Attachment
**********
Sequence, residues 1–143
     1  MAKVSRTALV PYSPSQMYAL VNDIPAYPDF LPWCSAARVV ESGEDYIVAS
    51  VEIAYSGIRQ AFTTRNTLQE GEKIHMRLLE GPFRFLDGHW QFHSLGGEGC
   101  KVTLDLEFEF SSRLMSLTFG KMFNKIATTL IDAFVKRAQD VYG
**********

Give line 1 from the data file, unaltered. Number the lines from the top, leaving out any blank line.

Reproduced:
Sequence, residues 1–143